Bridget R. Stanton, Kirsten Calleja Salerno, Ph.D. and Tes Tuason, Ph.D
Dr. Tes Tuason | Brooks College of Health | Department of Public Health
This comparative research studied psychological distress, symptomatology, depression, and anxiety in two groups of college students, those who relocated from a different country and those who reside in a southeastern state in the United States. It aims to investigate the differences in levels of distress depending on whether or not students had relocated from a different country. Fifty-one international students and 95 U.S. students completed questionnaires, which examined psychological distress, stress, socio-economic status (SES), and acculturation to culture of origin and U.S. culture. Unexpectedly, international students did not have significantly different levels of psychological distress from U.S. students. In terms of stress, another unexpected finding was that U.S. students reported heightened levels of stress in comparison to international students. Among international students, those who displayed lower U.S. acculturation also reported higher psychological distress. Regression analyses indicated that stress and U.S. acculturation are significant predictors of psychological distress among international students, such that higher levels of stress and lower U.S. acculturation predict higher symptomatology and anxiety. These results along with the lack of discrepancy between international students’ and U.S. students’ levels of distress are discussed. The role of acculturation in mitigating stress was explored to better understand the positive adjustment of international students on campus.
Hello my name is Bridget Stanton and today I am presenting “What makes an international student in the U.S. have less psychological distress?: Secrets of adjustment”
International students in the U.S. are likely to experience unique difficulties on college campuses facing language barriers, financial difficulties, and adjustment complications in a new culture.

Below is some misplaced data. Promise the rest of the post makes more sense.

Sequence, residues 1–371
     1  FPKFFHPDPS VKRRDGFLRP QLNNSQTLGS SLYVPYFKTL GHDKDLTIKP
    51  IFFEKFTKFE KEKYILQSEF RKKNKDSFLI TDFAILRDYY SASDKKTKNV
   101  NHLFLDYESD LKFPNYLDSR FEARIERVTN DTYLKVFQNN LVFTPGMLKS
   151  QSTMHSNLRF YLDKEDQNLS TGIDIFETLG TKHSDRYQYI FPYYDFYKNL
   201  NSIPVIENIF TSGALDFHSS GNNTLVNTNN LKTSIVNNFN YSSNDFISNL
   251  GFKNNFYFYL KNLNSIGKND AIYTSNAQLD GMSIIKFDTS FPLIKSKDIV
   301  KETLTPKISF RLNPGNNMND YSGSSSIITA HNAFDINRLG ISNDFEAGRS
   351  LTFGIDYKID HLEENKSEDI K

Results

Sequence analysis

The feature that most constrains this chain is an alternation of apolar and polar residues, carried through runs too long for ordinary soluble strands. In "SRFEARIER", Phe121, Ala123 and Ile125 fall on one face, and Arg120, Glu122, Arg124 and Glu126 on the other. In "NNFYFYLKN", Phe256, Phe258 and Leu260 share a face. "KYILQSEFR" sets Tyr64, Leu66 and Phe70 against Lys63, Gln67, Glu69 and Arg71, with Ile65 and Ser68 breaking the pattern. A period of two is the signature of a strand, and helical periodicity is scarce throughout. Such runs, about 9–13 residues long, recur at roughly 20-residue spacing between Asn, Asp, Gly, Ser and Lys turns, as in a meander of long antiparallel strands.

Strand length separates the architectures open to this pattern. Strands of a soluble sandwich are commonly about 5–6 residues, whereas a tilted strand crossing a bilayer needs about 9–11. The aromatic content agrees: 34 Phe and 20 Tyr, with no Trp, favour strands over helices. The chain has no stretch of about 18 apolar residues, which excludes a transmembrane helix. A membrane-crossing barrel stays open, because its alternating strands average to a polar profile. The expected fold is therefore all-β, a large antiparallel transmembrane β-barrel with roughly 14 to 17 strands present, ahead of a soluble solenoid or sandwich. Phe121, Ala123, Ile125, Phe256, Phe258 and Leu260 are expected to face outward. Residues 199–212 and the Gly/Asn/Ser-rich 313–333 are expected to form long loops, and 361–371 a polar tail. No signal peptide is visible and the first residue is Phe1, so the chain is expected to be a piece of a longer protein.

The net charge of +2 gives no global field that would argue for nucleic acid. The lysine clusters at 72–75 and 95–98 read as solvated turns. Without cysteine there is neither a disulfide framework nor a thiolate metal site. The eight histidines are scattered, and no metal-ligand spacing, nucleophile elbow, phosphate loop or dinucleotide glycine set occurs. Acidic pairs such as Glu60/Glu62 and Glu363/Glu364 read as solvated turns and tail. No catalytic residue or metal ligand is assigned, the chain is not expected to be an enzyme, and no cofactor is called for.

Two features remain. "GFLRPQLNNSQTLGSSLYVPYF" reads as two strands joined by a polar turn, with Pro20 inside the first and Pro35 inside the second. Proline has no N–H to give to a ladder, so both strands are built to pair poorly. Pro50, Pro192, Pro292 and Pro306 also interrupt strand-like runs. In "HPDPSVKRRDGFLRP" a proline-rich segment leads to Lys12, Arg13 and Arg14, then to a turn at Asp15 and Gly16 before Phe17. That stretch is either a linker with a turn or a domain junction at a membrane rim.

When a student faces cultural barriers like these, unsuccessful adjustment can negatively impact a students experience on campus increasing depression, anxiety, distress and other adverse symptomatology that can negatively impact their well-being.
This study aims to investigate which factors contribute most to successful and unsuccessful adjustment of international students in order to better serve the needs of foergin students.
To accomplish this, International students and American participants were recruited from several colleges in the U.S. with specific requirements for international students needing to have moved to the U.S. within the past nine months given this is a window for maladjustment patterns to emerge.
Demographics of this study included 95 U.S citizens and 51 international students. International derived mainly from Asian countries, with South American then caribbean following after. Majority of international students reported being from upper middle class SES backgrounds, while the majority of Americans reported middle.
Using several assessments including the demographic questionnaire, social readjustment rating scale, acculturation scale, among others listed as well as t-test, ANOVA, correlational, regression analysis we were able to find that
1) International students did not have significantly different levels of psychological distress from U.S. students. U.S. students reported heightened levels of stress in comparison to international students.